Residential property taxes are calculated annually for the purpose of raising tax revenue for New Jersey's local governments, including the county, municipality, and school district. All real property is assessed in New Jersey according to the same standard of value, except for qualified agricultural or horticultural land. This standard measure of property value is known as "true value" or "market value," defined as what a willing, knowledgeable buyer would pay a willing, knowledgeable seller in a bona fide sale as of October 1. Local assessors and tax collectors are responsible for administering the tax.
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Find your residence's assessed property value on the assessment notification mailed to you by your New Jersey certified local tax assessor. For instance, you purchased your home for $200,000 but the assessment notification says your residence has been assessed at $190,000.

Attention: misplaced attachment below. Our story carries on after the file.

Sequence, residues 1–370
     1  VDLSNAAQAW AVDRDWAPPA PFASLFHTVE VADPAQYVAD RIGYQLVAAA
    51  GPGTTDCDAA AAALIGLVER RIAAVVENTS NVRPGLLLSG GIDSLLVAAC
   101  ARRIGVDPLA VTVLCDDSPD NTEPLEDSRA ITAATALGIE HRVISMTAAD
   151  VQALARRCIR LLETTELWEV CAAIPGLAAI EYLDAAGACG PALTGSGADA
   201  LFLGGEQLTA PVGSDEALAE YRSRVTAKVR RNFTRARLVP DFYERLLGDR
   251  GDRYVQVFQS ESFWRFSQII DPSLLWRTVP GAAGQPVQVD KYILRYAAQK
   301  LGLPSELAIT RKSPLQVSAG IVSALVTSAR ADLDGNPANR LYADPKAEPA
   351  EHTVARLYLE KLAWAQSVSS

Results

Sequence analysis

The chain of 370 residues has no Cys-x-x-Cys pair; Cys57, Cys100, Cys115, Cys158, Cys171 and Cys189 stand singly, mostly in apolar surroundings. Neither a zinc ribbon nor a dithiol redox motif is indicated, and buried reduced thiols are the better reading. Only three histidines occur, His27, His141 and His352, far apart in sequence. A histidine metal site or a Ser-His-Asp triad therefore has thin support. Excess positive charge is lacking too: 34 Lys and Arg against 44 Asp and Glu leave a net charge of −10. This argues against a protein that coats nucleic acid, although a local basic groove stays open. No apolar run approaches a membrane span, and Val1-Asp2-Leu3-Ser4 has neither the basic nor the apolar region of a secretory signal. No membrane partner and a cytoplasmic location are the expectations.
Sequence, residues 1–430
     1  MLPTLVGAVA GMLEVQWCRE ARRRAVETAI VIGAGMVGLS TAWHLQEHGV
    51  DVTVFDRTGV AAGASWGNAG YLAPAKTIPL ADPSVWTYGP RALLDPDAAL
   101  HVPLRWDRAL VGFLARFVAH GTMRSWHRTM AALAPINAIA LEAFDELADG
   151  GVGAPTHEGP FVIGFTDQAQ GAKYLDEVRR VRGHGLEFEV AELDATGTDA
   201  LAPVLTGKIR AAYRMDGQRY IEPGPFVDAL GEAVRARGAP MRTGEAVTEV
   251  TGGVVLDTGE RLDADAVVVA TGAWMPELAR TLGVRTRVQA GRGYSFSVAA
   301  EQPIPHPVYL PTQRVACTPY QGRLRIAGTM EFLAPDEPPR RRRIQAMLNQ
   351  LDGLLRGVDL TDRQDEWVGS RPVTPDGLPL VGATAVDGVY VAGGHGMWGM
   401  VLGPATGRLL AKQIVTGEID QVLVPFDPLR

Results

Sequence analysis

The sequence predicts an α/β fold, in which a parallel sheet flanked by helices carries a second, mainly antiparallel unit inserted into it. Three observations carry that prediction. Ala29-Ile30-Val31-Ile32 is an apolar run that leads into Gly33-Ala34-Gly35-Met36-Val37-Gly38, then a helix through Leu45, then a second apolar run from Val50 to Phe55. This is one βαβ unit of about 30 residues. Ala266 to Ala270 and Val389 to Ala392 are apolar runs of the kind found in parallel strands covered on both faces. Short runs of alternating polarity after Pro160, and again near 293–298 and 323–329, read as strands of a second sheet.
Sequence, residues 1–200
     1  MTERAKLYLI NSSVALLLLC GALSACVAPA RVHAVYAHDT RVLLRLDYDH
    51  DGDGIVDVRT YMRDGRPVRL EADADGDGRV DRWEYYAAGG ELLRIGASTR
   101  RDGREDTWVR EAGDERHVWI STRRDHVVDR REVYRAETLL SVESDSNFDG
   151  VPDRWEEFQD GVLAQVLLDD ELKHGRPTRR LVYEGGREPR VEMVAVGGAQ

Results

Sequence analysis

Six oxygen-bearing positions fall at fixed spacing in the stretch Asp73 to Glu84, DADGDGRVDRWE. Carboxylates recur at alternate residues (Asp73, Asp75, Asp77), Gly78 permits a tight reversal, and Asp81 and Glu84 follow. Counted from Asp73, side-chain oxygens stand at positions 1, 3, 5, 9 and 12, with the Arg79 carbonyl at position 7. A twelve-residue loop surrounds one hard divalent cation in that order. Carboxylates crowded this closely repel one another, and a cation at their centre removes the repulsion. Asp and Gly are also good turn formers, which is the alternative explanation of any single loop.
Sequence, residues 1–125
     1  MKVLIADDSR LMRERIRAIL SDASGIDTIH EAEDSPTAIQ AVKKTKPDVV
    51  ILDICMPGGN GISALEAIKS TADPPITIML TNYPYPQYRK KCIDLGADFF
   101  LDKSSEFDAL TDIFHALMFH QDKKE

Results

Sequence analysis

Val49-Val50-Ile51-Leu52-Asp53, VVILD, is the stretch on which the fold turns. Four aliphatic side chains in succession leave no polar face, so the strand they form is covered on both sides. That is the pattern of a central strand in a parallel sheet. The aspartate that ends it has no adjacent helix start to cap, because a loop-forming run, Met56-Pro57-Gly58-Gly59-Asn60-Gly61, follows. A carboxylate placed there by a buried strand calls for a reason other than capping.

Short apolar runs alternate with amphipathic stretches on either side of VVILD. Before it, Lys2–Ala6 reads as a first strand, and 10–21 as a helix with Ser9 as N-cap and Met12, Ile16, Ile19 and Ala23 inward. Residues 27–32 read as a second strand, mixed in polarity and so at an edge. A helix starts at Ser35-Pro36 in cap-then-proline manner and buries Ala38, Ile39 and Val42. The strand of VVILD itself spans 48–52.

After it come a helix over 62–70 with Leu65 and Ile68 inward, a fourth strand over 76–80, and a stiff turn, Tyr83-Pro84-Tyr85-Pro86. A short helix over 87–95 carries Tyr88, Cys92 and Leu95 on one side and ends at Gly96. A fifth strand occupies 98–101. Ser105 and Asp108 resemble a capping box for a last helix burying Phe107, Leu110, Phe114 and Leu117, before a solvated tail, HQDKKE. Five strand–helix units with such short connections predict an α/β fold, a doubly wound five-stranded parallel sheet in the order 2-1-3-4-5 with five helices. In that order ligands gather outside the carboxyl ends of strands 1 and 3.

Find the general property tax rate for the municipality where your residence is located. Contact your municipal government or the local tax collector to obtain this information. You can also view this information online if your municipality has a website.
Multiply your residence's assessed value by the general property tax rate. New Jersey law requires that property taxes be charged to real property at a dollars and cents rate per hundred dollars of assessed value. For instance, if your home is assessed at $190,000 and your general property tax rate is $2.25, then your residence's total tax assessment for the tax year would be $4,275 ( $2.25 X [190,000/100] = $4,275).